Well of course it will, but it seems like it has been ages since it rained at any length at my house in Apex and I know a lot of folks including farmers have been asking when is it we will see rain return to the area.
Our mean rainfall for the month of September is 4.26" at Raleigh Durham International and as of September 6th, the airport has officially reported .01"!!
Surprisingly as of August 30th only part of North Carolina is classified by the U.S. Drought Monitor as being abnormally dry.
courtesy of the U.S. Dept. Of Agriculture
Now to tackle the question when will it rain again!? Honestly I don't know. There are a few factors we are watching that will affect our weather over the coming days that may either keep us dry or make it rain.
First we have Tropical Depression #16 sitting off the Florida coast in the Northern Bahamas. This will likely intensify into T.S. Ophelia over the next 24hours. This is exactly what we need to ease the dryness we have been experiencing lately. However at this time it does not look like it will directly impact North Carolina.
The winds above TD 16 are light so the steering mechanism is not there to move the storm quickly. There is a ridge of high pressure developing above the storm which is part of the recipe for intensification, plus the sea surface temperatures are in the mid-upper 80s. The ingredients are there for an intensifying storm.
Now at this time we have a surface area of high pressure sitting over New England which will initially keep the storm away from North Carolina. This surface area of high pressure may help steer the storm across Florida and perhaps into the Gulf of Mexico(oh no not another Katrina!?) Recall the circulation around high pressure is in a clockwise fashion, so the winds from the high will be blowing from east to west across Georgia and South Carolina. If the storm interacts with the surface high it should be pressed to the west.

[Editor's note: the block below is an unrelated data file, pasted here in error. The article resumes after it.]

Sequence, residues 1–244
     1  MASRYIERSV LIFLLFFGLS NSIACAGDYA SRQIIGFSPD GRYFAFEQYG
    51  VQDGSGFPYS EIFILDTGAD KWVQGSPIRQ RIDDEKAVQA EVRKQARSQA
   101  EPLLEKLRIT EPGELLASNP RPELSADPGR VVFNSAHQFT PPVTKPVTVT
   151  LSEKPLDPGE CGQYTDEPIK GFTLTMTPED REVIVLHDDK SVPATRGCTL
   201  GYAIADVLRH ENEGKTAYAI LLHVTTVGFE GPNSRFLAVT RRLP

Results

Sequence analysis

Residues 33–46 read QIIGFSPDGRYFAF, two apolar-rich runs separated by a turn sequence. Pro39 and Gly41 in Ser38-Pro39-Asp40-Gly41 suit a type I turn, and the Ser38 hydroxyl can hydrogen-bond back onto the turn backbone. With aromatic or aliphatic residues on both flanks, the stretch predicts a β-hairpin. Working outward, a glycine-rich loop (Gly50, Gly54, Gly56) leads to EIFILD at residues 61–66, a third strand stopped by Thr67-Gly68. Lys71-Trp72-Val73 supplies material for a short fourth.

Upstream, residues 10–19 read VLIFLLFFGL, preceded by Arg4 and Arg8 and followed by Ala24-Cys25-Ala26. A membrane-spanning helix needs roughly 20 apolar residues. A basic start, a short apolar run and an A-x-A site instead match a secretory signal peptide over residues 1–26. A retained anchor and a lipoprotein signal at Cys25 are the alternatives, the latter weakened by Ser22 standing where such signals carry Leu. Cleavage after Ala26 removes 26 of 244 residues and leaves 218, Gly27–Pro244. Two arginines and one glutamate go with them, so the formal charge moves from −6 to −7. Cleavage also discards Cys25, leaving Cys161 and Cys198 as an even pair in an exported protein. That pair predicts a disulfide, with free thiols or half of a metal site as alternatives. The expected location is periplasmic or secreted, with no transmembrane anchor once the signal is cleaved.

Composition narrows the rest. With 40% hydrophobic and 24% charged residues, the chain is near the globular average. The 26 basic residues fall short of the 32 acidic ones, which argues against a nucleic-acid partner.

There are two computer models, the European and the GFDL that actually do carry the storm headlong into New Orleans. There are others that keep the storm where it is with a slow drift to the north and then at the end of the week and into a weekend an upper level trough moves in from the Midwest and carries the storm into the Atlantic away from the U.S.
As it stands right now, there is much uncertainty in regards to the path of TD 16 soon to be Ophelia.
Now outside of the tropics our winds aloft are in such a fashion that we are having dry air advected into the area. Our awesome weather is like a double edged sword. Yeah it feels really good, but boy it is drying things out. Looking at the upper level winds for the next 2 weeks(again the tropics not withstanding) we may not see a pattern that would bring widespread rain into the area.
Again we will watch the depression...Perhaps it may bring us some much needed rain in the days ahead, but as it stands now as I write this, that scenario is not all that likely.